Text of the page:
Tuesday, 17 December 2013

Can we stop getting so hysterical about migration. Mostly it's a good thing.


It is the end of days. As the hangovers fade in the New Year it will be to witness the spectacle of vast hordes trooping off planes, trains and boats clasping evidence of EU citizenship as proof they can work in our fine nation.

Under “transitional” rules introduced when Romania and Bulgaria joined the EU in 2007, migrants from these two countries can only work in the UK in seasonal jobs such as fruit picking, or if they are self-employed.

These restrictions end on January 1, 2014, and all Romanians and Bulgarians will then have the same rights to work in the UK as British citizens.

The model predicts that over the next five years from January 1 at least 385,000 migrants will move from Bulgaria and Romania – more than the population of Coventry. 

Swamped! Swamped I tell you - the pressures on our creaking public services will be too great, the schools won't have the places, the hospitals will be filled with the grannies of Roma and Bulgar migrants and we'll spend our lives speaking some sort of pidgin English.

Even if I was to accept that there'll be 385,000 arrivals from Bulgaria and Romania, I really don't believe that a country with 70 million people - 200 times that number - can't welcome some new arrivals. For sure, I want to know who is coming in and that they're doing something constructive. I'm all for putting them on a plane back home if they misbehave. But can we have a little less hysteria please?

If we want to challenge in that big bad ugly world - to compete in that ghastly "global race" some folk want to believe in - then we need migration. We need Brits to go an work in France, in Dubai and in Hong Kong. And to retire to Spain, Ireland or Florida. These international connections, the British diaspora is a vital component in our economy, in creating the links with the rest of the world we'll need for future trade and prosperity.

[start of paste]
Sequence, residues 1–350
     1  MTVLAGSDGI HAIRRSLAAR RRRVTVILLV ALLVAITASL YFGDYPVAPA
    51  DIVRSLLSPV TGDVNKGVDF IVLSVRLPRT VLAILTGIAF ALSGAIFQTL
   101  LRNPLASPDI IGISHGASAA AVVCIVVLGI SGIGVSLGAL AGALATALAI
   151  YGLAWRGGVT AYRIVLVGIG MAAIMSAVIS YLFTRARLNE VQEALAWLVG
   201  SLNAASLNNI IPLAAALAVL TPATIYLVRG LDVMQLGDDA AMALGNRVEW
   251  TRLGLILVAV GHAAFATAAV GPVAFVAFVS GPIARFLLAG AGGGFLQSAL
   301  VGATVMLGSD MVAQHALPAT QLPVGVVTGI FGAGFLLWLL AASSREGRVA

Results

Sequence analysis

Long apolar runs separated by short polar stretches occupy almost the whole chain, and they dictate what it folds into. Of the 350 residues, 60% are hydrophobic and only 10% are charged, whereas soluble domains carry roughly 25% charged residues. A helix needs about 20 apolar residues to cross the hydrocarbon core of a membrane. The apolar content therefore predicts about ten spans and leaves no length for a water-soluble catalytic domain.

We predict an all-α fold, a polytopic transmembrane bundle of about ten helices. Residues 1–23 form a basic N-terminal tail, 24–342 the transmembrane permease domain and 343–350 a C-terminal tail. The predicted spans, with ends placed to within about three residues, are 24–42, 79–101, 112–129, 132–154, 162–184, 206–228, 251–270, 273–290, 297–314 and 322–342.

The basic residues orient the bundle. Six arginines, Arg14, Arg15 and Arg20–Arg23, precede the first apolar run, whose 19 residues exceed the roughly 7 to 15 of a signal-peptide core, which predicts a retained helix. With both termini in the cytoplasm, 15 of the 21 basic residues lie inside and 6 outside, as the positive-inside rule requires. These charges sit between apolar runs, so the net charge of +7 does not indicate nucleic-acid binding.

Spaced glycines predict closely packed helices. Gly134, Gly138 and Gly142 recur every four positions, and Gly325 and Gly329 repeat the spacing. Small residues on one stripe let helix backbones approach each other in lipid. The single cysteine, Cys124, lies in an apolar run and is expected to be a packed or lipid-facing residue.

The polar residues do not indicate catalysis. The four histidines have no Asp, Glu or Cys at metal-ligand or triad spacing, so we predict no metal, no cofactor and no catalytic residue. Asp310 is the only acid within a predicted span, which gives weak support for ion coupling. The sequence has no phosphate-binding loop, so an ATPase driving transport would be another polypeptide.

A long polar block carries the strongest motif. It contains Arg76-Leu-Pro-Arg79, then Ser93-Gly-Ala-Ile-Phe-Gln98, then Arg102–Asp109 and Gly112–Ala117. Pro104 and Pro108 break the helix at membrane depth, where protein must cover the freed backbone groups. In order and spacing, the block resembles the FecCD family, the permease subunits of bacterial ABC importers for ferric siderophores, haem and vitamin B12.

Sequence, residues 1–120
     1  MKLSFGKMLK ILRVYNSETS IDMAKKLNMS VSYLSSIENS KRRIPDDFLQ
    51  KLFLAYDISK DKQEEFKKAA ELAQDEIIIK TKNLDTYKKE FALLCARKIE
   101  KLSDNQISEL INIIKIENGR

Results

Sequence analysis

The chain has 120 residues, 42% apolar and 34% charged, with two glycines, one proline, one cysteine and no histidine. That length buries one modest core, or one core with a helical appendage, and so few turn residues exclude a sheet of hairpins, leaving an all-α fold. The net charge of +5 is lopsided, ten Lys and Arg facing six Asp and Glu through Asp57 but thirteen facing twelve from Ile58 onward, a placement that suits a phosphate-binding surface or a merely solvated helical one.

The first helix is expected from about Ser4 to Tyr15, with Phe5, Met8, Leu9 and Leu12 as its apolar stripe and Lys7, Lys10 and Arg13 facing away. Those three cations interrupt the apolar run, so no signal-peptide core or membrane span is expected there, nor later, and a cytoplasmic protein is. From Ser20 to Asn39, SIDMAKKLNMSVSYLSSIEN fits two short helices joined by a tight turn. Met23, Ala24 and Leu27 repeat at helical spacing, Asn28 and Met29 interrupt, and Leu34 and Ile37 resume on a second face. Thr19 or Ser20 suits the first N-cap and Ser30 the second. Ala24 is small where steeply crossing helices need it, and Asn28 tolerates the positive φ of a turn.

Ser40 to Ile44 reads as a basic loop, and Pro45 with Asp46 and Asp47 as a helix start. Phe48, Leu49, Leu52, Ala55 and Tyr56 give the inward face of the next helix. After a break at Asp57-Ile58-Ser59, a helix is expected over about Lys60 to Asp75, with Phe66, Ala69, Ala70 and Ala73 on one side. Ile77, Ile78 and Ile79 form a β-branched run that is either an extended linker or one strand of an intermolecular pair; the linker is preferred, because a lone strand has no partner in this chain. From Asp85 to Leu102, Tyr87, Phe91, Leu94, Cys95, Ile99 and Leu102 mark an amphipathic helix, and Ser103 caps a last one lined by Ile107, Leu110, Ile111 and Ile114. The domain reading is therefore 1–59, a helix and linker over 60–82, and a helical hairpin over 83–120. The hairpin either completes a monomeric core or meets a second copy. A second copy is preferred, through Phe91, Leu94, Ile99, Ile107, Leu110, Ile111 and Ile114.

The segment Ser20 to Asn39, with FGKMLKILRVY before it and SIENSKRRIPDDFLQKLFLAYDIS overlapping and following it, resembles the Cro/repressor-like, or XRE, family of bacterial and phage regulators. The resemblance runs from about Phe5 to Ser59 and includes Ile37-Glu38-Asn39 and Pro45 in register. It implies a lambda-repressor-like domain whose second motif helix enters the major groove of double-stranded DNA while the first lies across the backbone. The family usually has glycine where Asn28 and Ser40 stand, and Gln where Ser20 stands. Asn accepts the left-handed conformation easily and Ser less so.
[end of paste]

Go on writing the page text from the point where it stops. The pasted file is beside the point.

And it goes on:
This works both ways. Those Romanians, Bulgarians, Pakistanis, Chinese, Russians, Somalis - all those immigrants we're so rude about - their links home generate new economic activity and benefit our nation. Not because of cheap labour or a willingness to accept the bending of employment rules but because diversity is essential to economic growth:

It is important to note how this ‘[population] churn’ helps cities. Knowledge-based economies run on the quality of ideas. Ideas are not only a function of intelligence or education, but also the depth of information a person, or a city, receives.

London is successful because it is diverse. And it has always been diverse.

So I'm with Sam Bowman from the Adam Smith Institute on this - more free movement is a benefit not a curse:

There are lots and lots of bad things governments do that ruin people’s lives. But few cause as much harm to the poorest people as the state controls of where people can work and live that we call ‘migration policy’. Even a marginal step towards a more liberal immigration policy would allow people to create an enormous amount of wealth, and probably do more good than almost any other possible policy. 


1 comment:

Twenty_Rothmans said...

I am a migrant.

I was permitted to enter because of my ancestry - 100% English blood (I only needed 25%). Had that not been the case, my employer would have arranged it - as I'd been poached from another country (not that of my origin).

Because I'm only separated from being British, Britain and its history resonates with me. The 'in'-jokes or Cockney rhyming slang that weren't appreciated were researched and assimilated.

Simon, I love this country. Many people who live here would kill to live where I came from - they think that I'm nuts (which can't be ruled out).

However - in the last nine years there has been an appreciable shift in the demographics - in London at least. My ancestors were lucky - they were wealthy, and could afford to emigrate. They brought skills and money to a struggling and insular economy.

We are seeing the reverse here, where swathes of people from third world countries are admitted and now we face the prospect (and you should remember well the understating of the Polish influx) of yet another wave of cheap labour and expensive housing.

Please don't wonder if the Conservative vote is obliterated at the next General Election. We Tories would rather be ruled by an objectionable party for whom we hadn't voted than one for which we had.

Your political radar is usually very good, but on this issue, Simon, you are off beam.